Question
In Millikan’s oil drop experiment, he experimented with various voltage differences between two plates to determine what voltage was necessary to hold a drop motionless. He deduced that the charge on the oil drop could be found by setting the gravitational force on the drop (pointing downward) equal to the electric force (pointing upward): $m_\textrm{drop}g = qE$ , where $m_\textrm{drop}$ is the mass of the oil drop, $g$ is the gravitational acceleration ($9.8\textrm{ m/s}^2$ ), $q$ is the net charge of the oil drop, and $E$ is the electric field between the plates. Millikan deduced that the charge on an electron, $e$, is $1.6\times 10^{-19}\textrm{ C}$. For a system of oil drops of equal mass ($1.0\times 10^{-15}\textrm{ kilograms}$), describe what value or values of the electric field would hold the drops motionless.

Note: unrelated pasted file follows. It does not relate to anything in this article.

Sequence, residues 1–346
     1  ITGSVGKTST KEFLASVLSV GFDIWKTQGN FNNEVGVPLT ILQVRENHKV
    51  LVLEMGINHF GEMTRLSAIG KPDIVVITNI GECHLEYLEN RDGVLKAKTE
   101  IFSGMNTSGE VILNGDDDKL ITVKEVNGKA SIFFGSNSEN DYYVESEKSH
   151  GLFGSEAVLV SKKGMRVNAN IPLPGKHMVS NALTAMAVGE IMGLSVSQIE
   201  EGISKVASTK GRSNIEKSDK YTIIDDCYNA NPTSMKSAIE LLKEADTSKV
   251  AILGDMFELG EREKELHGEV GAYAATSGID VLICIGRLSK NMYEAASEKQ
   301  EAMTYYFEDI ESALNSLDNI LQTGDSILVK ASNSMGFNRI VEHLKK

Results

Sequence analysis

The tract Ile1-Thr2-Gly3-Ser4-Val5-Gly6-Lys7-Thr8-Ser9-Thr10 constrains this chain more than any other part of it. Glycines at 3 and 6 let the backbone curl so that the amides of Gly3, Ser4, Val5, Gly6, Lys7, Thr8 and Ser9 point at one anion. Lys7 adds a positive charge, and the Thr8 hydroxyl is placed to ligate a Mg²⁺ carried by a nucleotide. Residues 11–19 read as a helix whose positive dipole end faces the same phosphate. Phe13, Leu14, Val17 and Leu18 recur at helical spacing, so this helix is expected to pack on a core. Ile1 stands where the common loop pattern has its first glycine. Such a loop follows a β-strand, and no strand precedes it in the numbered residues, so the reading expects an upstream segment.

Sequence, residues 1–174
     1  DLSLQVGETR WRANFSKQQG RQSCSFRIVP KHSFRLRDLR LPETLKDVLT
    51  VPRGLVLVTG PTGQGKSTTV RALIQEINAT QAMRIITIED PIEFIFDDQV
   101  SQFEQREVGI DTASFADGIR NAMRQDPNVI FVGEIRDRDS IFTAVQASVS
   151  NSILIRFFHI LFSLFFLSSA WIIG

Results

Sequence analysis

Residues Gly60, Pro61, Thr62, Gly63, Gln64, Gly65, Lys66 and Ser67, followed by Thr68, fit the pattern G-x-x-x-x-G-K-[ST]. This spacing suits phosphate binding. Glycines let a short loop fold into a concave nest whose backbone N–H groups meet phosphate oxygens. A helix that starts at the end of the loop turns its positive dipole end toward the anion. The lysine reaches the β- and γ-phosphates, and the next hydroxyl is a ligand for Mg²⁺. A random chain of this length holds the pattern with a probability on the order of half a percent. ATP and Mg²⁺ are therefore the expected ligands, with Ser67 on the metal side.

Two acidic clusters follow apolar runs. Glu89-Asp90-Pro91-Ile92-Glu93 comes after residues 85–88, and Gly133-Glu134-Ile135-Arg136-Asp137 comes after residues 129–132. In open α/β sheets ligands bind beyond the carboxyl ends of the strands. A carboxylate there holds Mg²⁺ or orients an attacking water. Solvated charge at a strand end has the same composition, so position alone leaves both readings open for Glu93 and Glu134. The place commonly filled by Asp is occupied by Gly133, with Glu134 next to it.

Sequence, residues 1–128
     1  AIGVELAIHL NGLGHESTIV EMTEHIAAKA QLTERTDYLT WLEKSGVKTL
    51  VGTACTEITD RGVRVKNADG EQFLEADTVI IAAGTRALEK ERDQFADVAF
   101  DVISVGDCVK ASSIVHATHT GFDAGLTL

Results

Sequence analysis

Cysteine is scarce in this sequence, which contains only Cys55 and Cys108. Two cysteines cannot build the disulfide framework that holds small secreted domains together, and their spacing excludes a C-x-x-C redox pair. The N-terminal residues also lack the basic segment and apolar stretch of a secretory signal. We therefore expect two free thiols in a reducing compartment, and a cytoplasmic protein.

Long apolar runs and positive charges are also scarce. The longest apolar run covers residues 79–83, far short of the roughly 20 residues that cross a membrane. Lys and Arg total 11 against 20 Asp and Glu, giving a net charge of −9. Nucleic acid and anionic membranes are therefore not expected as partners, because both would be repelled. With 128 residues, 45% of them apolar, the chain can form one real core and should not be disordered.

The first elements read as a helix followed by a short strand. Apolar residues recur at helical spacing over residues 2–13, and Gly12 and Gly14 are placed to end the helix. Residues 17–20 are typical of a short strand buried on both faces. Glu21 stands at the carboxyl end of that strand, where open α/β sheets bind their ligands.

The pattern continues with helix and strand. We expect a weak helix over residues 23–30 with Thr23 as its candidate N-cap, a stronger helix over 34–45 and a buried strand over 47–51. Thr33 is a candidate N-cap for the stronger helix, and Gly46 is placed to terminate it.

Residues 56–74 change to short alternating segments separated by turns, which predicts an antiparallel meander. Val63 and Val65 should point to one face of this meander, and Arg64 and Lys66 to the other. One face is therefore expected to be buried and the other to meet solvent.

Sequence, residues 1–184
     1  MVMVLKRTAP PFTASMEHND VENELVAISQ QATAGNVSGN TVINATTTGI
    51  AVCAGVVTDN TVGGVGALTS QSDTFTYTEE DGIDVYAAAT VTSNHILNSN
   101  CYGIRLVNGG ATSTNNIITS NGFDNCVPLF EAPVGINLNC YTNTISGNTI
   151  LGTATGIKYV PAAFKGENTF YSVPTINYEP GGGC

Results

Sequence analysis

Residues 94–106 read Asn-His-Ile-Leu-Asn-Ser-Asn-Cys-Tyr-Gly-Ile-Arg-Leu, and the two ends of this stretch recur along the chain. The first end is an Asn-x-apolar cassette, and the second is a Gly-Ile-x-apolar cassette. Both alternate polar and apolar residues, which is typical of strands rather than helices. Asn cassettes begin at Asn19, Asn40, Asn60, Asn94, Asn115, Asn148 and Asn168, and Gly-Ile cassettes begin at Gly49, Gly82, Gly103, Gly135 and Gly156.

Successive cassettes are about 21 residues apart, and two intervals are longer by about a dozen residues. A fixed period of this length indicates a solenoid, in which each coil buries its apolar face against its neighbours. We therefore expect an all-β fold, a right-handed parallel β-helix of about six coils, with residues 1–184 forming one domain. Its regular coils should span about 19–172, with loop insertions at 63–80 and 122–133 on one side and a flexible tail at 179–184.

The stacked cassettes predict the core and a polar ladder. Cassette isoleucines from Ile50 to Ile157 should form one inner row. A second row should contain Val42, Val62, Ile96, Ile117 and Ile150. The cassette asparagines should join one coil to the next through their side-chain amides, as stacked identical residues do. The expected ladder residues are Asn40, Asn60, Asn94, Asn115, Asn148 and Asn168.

$E = \dfrac{6.1\times 10^{4}\textrm{ N/C}}{N}$

# OpenStax College Physics for AP® Courses, Chapter 30, Problem 2 (Test Prep for AP® Courses)

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